– Good ride comfort
– Cabin space and tech
– Well-equipped offroader
– Overly expensive
– Lumpy onroad handling
– Least power in its class
The Lexus LX 570 is a massively popular vehicle in the UAE for various reasons. While many adore it for its luxury, road presence, and irrefutable reliability amongst other things, several less fortunate road users, particularly those in smaller cars, reckon the LX 570 as an everyday terror in the rearview mirror. While the latter may not be a trend Lexus intended for, the former is definitely what they would like to live up to. So they went all-out while refreshing the LX 570 for 2016 so much so that the facelift is more of a sizeable overhaul, as this could very well be the last makeover for the platform that dates back to almost a decade.
The new-for-2016 Lexus LX 570 features significant exterior design revisions, with Toyota claiming that only the door panels have been carried over from the former design. The narrower headlight assembly housing the LED main lamps, running lamps and turn indicators makes the LX 570 look meaner than ever before. Besides, the more boldly-rendered corporate spindle-grille with added brackets in each slat, redesigned inverted-L fog-lamp housings and the new 21-inch ‘thug-life’ wheels, all add a lot more aggression to the tall bulbous Lexus. The new pointy taillights boasting Audi-inspired sequential LED indicators and a redesigned rear bumper round off the exterior revamp.
The interior has been massively revised too, with a new dashboard layout, new door panels, manual sun-blinds for rear passengers, and an extra-wide 12.3-inch display on the dash controlled by a mouse-joystick controller thingy, although there is still an overwhelming array of buttons, knobs and switches on the centre console. While the glove-box cover and its surrounding panels, and the door inserts, all come leather-padded, the top of the dash has a cheap rubberised-plastic trim. There is further real wood and metal trim bits elsewhere in the cabin, but there are still some hard-plastic bits in the lower panels, and in some odd places, such as the lower dash area behind the steering wheel, which makes you wonder why the new LX 570’s price tag rivals that of a Range Rover.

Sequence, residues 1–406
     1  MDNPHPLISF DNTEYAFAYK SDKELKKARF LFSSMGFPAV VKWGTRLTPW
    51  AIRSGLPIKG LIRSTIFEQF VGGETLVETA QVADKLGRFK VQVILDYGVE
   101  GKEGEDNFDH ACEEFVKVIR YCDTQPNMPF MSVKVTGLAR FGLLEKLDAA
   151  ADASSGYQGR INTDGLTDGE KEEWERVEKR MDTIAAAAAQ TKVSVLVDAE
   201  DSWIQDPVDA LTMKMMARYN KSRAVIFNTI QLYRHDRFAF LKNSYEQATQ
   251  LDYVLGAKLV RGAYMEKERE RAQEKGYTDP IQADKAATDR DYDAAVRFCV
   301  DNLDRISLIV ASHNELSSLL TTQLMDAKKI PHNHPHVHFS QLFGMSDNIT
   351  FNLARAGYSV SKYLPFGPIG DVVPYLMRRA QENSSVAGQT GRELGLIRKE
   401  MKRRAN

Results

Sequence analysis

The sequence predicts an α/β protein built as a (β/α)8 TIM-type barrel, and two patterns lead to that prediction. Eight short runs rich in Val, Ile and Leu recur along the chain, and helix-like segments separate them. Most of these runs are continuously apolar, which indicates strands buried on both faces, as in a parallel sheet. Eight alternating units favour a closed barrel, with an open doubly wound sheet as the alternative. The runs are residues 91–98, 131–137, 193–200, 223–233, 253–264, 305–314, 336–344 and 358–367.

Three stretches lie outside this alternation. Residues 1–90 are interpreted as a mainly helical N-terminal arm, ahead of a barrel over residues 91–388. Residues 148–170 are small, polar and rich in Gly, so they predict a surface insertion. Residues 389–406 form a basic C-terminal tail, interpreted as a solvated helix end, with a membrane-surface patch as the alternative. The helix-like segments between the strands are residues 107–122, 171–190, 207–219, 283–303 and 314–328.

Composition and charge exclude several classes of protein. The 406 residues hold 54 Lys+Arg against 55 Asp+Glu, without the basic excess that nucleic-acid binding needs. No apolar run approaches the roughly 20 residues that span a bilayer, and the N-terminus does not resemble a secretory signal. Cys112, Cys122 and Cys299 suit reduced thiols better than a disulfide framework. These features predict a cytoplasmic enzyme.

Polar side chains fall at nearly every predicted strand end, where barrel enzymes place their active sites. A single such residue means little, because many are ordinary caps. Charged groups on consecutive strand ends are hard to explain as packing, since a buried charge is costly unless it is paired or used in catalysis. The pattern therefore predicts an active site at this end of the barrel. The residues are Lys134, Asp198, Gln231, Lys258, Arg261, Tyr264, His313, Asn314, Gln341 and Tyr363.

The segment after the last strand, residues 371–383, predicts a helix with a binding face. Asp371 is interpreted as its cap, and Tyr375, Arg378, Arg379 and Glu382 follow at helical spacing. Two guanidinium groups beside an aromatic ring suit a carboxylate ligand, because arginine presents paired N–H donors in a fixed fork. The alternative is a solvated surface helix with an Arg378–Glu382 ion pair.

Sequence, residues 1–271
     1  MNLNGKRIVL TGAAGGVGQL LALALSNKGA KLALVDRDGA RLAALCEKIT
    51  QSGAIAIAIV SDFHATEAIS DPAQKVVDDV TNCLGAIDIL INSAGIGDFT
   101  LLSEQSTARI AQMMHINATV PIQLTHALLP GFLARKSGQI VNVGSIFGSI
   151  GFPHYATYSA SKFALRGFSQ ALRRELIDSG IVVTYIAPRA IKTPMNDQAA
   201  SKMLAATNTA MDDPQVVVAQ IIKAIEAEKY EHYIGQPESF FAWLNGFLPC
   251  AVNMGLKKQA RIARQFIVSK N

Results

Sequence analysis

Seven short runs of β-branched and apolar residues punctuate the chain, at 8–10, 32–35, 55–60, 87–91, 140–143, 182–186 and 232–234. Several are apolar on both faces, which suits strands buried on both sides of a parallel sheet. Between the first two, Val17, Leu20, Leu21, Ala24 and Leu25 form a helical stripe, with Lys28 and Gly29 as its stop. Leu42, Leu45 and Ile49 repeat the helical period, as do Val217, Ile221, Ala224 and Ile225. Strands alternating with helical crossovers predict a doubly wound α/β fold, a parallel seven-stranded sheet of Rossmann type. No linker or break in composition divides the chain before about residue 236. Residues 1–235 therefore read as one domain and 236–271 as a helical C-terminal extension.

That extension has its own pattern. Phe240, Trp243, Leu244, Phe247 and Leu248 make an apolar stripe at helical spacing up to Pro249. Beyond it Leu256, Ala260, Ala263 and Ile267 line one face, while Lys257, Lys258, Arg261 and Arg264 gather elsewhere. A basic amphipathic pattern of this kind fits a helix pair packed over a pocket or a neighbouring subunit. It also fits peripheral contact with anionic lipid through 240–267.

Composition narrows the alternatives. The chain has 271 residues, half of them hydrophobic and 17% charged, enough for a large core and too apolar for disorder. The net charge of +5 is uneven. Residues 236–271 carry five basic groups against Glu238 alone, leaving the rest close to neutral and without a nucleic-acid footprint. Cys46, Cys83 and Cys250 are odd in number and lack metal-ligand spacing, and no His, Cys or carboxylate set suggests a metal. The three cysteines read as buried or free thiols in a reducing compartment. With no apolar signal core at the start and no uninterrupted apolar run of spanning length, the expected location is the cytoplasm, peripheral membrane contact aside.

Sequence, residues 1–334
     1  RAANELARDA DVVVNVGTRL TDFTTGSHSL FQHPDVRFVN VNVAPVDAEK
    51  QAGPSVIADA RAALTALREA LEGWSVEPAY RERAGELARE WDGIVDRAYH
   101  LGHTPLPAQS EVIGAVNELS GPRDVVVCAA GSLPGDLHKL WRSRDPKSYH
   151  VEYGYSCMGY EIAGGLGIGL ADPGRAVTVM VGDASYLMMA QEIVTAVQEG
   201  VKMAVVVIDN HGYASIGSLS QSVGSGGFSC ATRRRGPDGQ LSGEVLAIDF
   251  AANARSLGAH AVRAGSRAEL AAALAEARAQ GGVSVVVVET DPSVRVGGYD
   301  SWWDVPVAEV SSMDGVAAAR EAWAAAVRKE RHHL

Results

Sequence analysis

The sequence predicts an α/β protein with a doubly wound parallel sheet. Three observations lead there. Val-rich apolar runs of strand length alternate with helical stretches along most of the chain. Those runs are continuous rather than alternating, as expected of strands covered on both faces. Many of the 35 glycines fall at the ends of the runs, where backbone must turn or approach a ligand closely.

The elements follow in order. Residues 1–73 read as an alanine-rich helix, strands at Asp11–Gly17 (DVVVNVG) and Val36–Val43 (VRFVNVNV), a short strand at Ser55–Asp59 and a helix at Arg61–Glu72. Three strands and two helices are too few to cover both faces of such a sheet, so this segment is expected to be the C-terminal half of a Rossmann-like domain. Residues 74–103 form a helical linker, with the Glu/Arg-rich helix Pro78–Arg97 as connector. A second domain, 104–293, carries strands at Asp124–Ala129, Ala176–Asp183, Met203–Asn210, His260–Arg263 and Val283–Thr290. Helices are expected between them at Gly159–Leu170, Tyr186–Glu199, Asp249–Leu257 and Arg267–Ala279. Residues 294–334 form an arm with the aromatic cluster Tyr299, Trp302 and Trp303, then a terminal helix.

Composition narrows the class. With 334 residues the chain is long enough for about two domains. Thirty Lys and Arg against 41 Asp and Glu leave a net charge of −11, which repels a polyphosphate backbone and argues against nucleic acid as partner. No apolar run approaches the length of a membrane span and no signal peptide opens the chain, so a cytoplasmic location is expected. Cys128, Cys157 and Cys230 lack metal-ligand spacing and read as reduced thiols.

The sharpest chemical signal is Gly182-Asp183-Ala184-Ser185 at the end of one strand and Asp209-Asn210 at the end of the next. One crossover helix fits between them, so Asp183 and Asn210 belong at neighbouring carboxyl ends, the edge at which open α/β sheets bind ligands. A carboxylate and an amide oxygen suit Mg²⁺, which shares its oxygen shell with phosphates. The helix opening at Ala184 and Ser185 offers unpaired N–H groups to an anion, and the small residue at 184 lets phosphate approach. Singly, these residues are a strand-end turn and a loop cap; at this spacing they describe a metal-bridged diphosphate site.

The new LX-570 ain’t short on features though, with available options in higher trims including a full set of airbags, Pre-Crash safety system, lane departure warning, adaptive cruise control, automatic high-beam system, blind-spot monitor with rear cross-traffic alert, height-adjustable suspension with active damping, a classy-looking analogue clock that automatically sets the time using GPS timezones, ventilated front and second-row seats with heating and cooling, independent rear entertainment system with dual 11.6-inch HD displays, and a Mark Levison sound system with 19 speakers.
There is good space in the front and second rows, with good legroom and headroom throughout. The ancient third-row seating setup — that split-folds up to the sides rather than fold flat into the floor — are best for kids, although medium-sized adults can squeeze in there without complaining, for short stints. The boot is of a good size, although some space is wasted by the aforementioned third row.
Powered by a carryover 5.7-litre V8 engine good for 362 hp at 5600 rpm and 530 Nm of torque at 3200 rpm, the new LX 570 now features an 8-speed automatic transmission. Firing off a 0-100 kph dash in 7.9 seconds from standstill, make no mistake, the LX 570 is no drag monster. The speed build-up is gradual, with no neck-snapping urgency even on full throttle. Power delivery is very linear and smooth, and the LX 570 behaves exactly like how a luxury cruiser should, although almost all its rivals are quicker. It is now claimed to consume considerably less fuel, as we got 20 litres/100 km.